If you happened to tune in to the Today programme midway through the sport section on Tuesday, the atmosphere was anguished and baffling. “His world is crumbling in front of him right now,” said David Jennings, deputy Irish editor of the Racing Post. “He is a broken man.” In the space between hearing these powerful words and discovering the subject, one’s imagination could go anywhere – a life-changing injury, the untimely loss of a loved one. In fact, they were talking about Gordon Elliott, the Irish horse trainer and three-time Grand National winner, of whom a picture went viral at the weekend.
In the picture, Elliott is sat on a horse, holding a phone with one hand and making a sideways victory sign with the other. The problem is the horse is plainly dead, and it’s not a pretty death, the poor creature’s gaping mouth and glassy eyes seeming to tell the story of a loyalty so intense that it went beyond its heart’s endurance to satisfy the demands of a training run. According to Jennings, Elliott now feared the worst, which would be the removal of his licence and the loss of his business, the jobs of 80 staff gone beside his own. “We cannot defend this,” Jennings continued. “You can’t defend it, I can’t defend it, Gordon can’t defend it. This cannot be defended.” And yet, Jennings went on to talk about the two sides there were to every story, seemingly at pains to imply that the picture wasn’t what it seemed.
It was, even once you’d figured out what was going on, peculiarly heated. The world of horse racing is well known to be pretty brutal: horses often die during the races themselves, in full sight of an audience. The League Against Cruel Sports counted 40 deaths at the three-day Grand National meet between 2000 and 2013, and Animal Aid listed 39 dead horses at the Cheltenham meet over that time period.
Animal rights groups aside, most people accept these deaths as the collateral damage of a noble sport, but the terms of that acceptance are quite subtle: it is based on the understanding that nobody cares more about the horses or feels these losses more keenly than insiders: trainers, owners, riders, grooms. The tragedy, where it occurs, is theirs, and it’s not for the bystander to question whether it was necessary or humane. Hence the incalculable damage of the photo: if it’s normal for a trainer to pose on a corpse like an idiot playboy on a big game hunt, then it follows that they actually don’t care, and all bets are (literally) off.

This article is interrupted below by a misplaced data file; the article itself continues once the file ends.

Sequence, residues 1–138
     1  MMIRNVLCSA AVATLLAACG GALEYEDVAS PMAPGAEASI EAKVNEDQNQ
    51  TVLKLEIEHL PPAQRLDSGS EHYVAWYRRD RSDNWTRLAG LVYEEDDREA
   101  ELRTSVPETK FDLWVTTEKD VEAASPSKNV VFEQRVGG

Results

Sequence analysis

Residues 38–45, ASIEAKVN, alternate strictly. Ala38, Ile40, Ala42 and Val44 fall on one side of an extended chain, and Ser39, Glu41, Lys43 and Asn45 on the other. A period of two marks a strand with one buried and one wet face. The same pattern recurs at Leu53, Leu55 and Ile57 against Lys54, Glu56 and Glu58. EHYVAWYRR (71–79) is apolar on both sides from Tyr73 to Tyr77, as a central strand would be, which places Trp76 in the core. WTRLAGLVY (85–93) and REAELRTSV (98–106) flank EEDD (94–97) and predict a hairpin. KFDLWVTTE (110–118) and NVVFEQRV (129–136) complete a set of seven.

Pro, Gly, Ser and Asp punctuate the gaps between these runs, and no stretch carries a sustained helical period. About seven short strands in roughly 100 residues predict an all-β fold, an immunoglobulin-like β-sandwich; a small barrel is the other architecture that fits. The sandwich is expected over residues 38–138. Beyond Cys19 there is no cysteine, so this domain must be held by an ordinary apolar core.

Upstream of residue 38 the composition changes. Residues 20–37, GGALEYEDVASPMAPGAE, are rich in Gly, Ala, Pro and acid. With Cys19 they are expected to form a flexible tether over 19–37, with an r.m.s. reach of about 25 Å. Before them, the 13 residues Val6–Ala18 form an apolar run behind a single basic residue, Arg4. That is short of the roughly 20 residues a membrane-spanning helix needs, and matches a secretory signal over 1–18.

Money and metaphor loom large over that delicate contract. A friend who was for many years the racing correspondent for a current affairs channel told me of conversation he had at a stud farm, where he asked whether the mares actually enjoyed it. They looked at him as you would an idiot: of course horses enjoy sex. It’s a biological imperative. Otherwise there wouldn’t be horses. He replied: “It’s just that I have noticed that you’re tying her legs up and putting a bag over her head. Lovemaking doesn’t usually involve so much tethering and hoodwearing.”
This is where the raw numbers come in: the overarching importance of nobody kicking anybody else in the testicles is to the tune of millions. Galileo, who has been the most valuable stud in the world for more than a decade, is worth £180m. As perilous as it is to be a low-unit-value animal of interest to human markets – a battery chicken’s life is hardly enviable – horses have a unique resource curse, where their net worth is simply so high that any of their regular equine interests are inevitably subordinated to it (Galileo is often described as “rich”, rather than expensive – it’s just too much money to contemplate as a price tag on a living thing, easier to conceive of him with a bank account, buying fancy leatherette tack.)
But, in reality, a horse doesn’t have much use for money, so the picture relies on an intensely loving relationship between owners, trainers and horses, without which it curdles into a kind of perverse exploitation. From Black Beauty to Boxer in Animal Farm, horses have long stood in metaphorically for the innocent, questing, trusting worker ground under the wheels of the market. The symbolism is more specific than a critique of capitalism: the horse tends to be the emblem of commodification, that unique and unnatural cruelty of putting a price tag on a living thing.
Elliott should have the benefit of the doubt – he could have been deeply upset and just behaved in a strange way. People do wild things when they’ve had a shock. But on reflection, it is unsurprising that we would be scandalised by this picture: we have a huge amount of our own self-worth, as a species, wrapped up in how we respect and treat other species, and the horse racing world poses a constant challenge to this.
• Zoe Williams is a Guardian columnist